She handed me four pale pink crystals and told me to go home that night and meditate with them for 15 minutes. No red meat, no alcohol, no sex. Then come back the next morning at 10 a.m.
When my roommate came home and saw my pink crystals, she was in disbelief. She started laughing, and claimed practically anyone could intuit a lot from my general energy and appearance. “Most people aren’t that hard to read. You look at their clothes, shoes, age, how they hold themselves, hair, dental…”
I agreed with her in theory, but was fully invested in the experience at this point. I dutifully did everything Miss Patricia asked, even though ADHD makes meditating difficult for me. I didn’t manage to empty my brain for the whole 15 minutes, but I tried my best.
When I returned Tuesday morning, Miss Patricia was in an ebullient mood. She had dreamed of my past life the night before, with several major breakthroughs. Apparently, I used to be a man. I had not treated women well — hence my abrasive feminism in this life. I also had once fucked over someone named Omar, who was my old business partner back in Egypt. This lingering bad karma clarified why my finances were a hot mess, but the Crystal Cleansing had now cured it.
I was trying not to giggle at this point. I was a past-life womanizer? Who was Omar?? Miss Patricia intently described a very tall, very thin Alexandrian man with a facial scar. Then, perhaps sensing my doubt, she shifted gears. She guessed I was an artist. Of course, this could also be intuited from the paint and ink stains on my jeans and general grossness of my appearance. We dropped my past life and talked about how lonely and weird New York can feel for the next 20 minutes.
A curious thing happened three hours after I left Miss Patricia’s. My younger brother and I don’t text each other so often. We have a big age difference and wildly divergent interests. But that same afternoon, I get a message from Michael. The last time he had texted was six weeks earlier.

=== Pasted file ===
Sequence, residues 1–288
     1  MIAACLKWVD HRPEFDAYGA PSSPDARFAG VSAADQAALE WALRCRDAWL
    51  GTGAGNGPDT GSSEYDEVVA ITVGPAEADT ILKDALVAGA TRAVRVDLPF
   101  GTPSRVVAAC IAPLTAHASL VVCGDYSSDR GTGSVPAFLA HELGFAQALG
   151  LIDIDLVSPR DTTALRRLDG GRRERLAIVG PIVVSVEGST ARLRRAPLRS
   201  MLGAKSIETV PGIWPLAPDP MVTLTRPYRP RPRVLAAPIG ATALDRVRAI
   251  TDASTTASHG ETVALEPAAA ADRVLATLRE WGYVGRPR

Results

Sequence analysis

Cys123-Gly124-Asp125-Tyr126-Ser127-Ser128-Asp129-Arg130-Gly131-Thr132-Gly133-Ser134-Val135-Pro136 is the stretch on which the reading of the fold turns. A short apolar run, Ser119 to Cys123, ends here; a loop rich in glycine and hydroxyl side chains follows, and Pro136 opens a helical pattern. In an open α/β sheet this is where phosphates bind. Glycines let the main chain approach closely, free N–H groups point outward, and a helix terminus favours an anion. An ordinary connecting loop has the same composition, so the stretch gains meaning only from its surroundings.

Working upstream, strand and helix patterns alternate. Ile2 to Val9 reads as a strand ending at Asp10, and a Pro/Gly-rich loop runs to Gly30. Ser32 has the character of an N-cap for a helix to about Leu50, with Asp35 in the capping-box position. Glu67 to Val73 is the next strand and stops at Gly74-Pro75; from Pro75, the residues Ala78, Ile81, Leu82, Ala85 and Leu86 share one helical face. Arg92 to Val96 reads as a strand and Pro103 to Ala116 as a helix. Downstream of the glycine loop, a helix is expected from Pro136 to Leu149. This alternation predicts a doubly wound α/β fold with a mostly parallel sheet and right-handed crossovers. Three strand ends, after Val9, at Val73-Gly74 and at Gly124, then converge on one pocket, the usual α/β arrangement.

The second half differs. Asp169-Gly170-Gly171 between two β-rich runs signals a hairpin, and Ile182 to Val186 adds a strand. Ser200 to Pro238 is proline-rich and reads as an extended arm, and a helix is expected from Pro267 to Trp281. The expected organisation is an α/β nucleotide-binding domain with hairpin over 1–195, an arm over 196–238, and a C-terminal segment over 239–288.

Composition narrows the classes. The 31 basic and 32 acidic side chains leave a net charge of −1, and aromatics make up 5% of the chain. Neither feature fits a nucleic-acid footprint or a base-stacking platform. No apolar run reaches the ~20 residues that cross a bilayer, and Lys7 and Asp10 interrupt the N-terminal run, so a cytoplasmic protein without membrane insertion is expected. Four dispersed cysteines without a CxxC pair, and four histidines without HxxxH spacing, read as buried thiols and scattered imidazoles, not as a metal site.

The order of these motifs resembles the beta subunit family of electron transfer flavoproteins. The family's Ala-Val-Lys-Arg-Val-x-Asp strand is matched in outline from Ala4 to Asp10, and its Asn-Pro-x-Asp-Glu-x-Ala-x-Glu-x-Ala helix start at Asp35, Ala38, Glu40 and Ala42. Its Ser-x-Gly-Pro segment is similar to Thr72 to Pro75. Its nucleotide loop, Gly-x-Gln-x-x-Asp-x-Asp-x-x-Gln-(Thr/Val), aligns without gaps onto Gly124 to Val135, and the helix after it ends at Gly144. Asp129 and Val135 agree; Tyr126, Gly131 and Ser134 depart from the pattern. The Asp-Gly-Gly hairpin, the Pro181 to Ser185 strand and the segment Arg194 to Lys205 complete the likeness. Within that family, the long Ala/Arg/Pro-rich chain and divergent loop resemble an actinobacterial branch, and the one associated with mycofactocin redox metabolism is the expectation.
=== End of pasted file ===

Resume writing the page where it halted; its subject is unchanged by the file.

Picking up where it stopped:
You need to help me convince mom and dad to let me drive up to NYC to visit you before I go to school.
He was asking for a favor, just like Miss Patricia said he would. I swear it happened exactly like that, and within three hours of my reading. It actually ended up that Michael couldn’t come up that weekend. But still.
The other thing that happened was I wrote a long, heartfelt letter to my father. I apologized for my history of bad financial planning, and explained it was all because of my past life in Egypt, and that dickhead, Omar. Well, that’s what I wanted to write. I’d love to blame Omar, really, but my fiscal problems have much more to do with finding the topics of money and budgeting uber-dull, and sometimes tacky. When people start talking about how much things cost and comparing prices of products, part of my brain instantly zones out, and thinks, “Ugh. Must we??” It’s lame and childish, sure, but I’ve been working on it.
So, I wrote the letter and started a savings account. The kind that automatically transfers some money every week. I sold a bunch of stuff at Beacon’s Closet and put that in the savings account (a pathetically small beginning, but you gotta start somewhere). One year later, the account is slowly growing. And I joined a meditation class. Are these life changes all due to Miss Patricia? I don’t know. She might be a total hack: my roommate decided to get a psychic reading from her a month later. The first thing Miss Patricia asked my roommate:
AC Bern is an artist who lives in New York.